Spider-Man: Across The Spider-Verse is on track to outgross its predecessor. While Into The Spider-Verse was a bit of an overlooked gem back when it hit theaters in December 2018, the film has gained popularity in the near-half decade since its release, and the sequel opened big at the box office. Apart from Pixar’s The Incredibles and its sequel, animated superhero movies haven’t typically done well at the box office, so this is a pretty big deal.
So naturally, a live-action movie starring the Miles Morales version of Spider-Man was just announced to be in the works at Sony. Now, Miles Morales has seemed like an inevitable comic book character to make the jump to live-action since before Into the Spider-Verse even came out (frankly, a lot of fans have grown frustrated he still hasn’t since that little tease in Spider-Man: Homecoming happened nearly six years ago now). But it seems like whenever something is popular in animated form, the instinct of studios is often to “upgrade” it to live-action format. (See: the constant stream of live-action Disney remakes and the live-action versions of Titans, Winx Club, and the recently scrapped Powerpuff Girls).
Why make a live-action Miles Morales movie now?
The studios do this to make more money off beloved properties, of course, but it is certainly noteworthy that the reverse doesn’t happen nearly as often; lots of animated properties go on to get live-action iterations, but not many live-action ones get animated versions after the fact. Even when they do, like the many animated Star Wars movies and series over the years, they don’t tend to get as much attention or reverence as their live-action counterparts (which is likely why the live-action to animation pipeline isn’t as common).
Most live-action counterparts of animated properties don’t become as popular as the animated versions (again, look at the cultural impact of Disney’s live-action remakes versus the movies they were based off of). However, when it comes to superhero media, the live-action versions seem to rule that corner of the pop culture landscape. Many of those films are in the billion-dollar box office club, while only Incredibles 2 — a movie that is part of a franchise that, apart from some smaller book tie-ins and such, really only exists in animated form — is the only animated superhero movie that has managed to achieve the milestone.
Meanwhile on the small screen, there are tons of cartoons focusing on popular superheroes — especially those from DC and Marvel — but the majority of the ones that are remembered the most fondly are on the live-action side of things, like the Batman series from the 1960s, The Incredible Hulk and Wonder Woman from the 1970s, Heroes from the 2000s, and the recently-concluded Arrowverse.
The two most highly-revered animated superhero shows in the cultural consciousness are probably Teen Titans — which was the first major onscreen story centered on that particular team of heroes — and Batman: The Animated Series, which managed to actually impact the comic book source material rather than simply the other way around, most notably by introducing the character of Harley Quinn to the DC Universe. Another is the 1990s X-Men cartoon, which will soon get a sequel on Disney+ titled X-Men ‘97.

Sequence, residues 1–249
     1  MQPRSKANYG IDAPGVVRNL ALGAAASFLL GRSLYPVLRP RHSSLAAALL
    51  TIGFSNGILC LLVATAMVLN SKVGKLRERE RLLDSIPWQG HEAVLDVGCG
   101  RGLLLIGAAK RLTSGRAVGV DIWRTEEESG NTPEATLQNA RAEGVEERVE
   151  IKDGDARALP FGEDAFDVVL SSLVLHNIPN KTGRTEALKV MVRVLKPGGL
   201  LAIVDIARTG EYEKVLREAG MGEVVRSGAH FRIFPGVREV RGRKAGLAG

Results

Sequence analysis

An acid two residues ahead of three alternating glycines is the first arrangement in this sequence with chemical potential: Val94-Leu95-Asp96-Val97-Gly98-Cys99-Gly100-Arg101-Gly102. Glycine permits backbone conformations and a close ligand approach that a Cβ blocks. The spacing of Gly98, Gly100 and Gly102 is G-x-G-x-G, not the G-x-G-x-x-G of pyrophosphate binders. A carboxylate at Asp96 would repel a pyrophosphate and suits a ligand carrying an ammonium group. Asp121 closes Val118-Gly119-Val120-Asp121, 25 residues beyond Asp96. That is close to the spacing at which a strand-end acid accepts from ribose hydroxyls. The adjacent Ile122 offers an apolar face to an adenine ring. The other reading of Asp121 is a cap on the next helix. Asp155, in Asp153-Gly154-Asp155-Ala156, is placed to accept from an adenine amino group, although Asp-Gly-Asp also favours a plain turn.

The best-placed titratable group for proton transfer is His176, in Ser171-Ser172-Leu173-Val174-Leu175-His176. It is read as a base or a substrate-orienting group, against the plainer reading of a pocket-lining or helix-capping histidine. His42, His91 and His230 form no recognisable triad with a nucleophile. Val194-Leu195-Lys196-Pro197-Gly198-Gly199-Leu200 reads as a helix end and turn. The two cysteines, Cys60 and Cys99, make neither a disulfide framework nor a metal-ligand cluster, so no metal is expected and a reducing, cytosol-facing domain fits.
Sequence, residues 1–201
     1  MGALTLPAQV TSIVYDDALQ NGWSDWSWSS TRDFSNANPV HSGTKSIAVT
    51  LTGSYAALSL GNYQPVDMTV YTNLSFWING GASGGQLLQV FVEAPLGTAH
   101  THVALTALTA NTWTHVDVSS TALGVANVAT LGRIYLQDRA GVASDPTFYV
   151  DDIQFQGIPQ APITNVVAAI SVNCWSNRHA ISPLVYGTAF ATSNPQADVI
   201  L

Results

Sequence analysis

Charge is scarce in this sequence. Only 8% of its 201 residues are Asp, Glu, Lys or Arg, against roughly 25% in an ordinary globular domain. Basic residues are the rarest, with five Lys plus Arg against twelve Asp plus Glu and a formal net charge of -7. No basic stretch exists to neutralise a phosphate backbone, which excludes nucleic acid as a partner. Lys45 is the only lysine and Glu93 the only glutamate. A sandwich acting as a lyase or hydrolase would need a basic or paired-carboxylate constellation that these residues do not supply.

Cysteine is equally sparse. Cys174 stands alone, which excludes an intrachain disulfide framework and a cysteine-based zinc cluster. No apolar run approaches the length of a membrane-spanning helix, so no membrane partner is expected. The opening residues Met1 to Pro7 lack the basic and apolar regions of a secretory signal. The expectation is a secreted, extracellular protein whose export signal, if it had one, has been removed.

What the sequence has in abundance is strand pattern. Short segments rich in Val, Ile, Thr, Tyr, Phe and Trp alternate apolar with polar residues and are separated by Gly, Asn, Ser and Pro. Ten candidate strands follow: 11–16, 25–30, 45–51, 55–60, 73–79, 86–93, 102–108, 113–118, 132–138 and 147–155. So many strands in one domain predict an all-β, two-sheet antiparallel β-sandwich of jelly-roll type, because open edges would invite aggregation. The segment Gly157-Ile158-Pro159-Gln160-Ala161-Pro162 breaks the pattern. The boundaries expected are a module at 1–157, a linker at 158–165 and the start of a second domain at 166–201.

The Spider-Verse franchise has all the elements to go the way of these projects and secure itself a place in the long-term cultural memory of comic book media. However, it’s in a bit of an unprecedented situation, as it’s a big-screen story rather than a television series. As well as it is currently doing (Across the Spider-Verse had an opening of about $85 million more than Into the Spider-Verse), it can’t be ignored that a certain other version of the “Spider-Verse” got way more hype from fans … and way more money at the box office. Across the Spider-Verse clearly had more buzz and excitement going into it than its predecessor did, but it still didn’t have nearly the momentum of the nostalgia-fueled live-action Spider-Man: No Way Home, which came out between Spider-Verse installments and grossed nearly $2 billion.
It’s wonderful that such a great character like Miles Morales is going to be incorporated into one of the live-action Marvel franchises (here’s hoping it’s the MCU and not whatever Sony has going on with the likes of Morbius and the Venom movies) but it would be a shame if it were to overshadow the Spider-Verse too much. These movies have changed the game not just for comic book media, but animation in general. The first got a well-deserved Best Animated Feature Oscar in 2019, and the second will surely be nominated if not win during next year’s ceremony combining various styles of comic book art and translating it all into an animated format. And of course, they have been monumental in helping change the perception of Sony Pictures Animation from a studio that played it safe and boring to one of the most exciting hubs for the medium at the moment.
The success of these movies will hopefully mean the live-action version of Miles Morales will be a welcome addition for fans (especially since a lot of marginalized superheroes, including Morales himself upon his introduction to Marvel Comics, have received backlash from certain crowds) but it’s important to remember that this new iteration of the character is an addition, not a promotion, and the Spider-Verse franchise isn’t a stepping stone to getting Miles Morales in the MCU but a landmark achievement for film in its own right.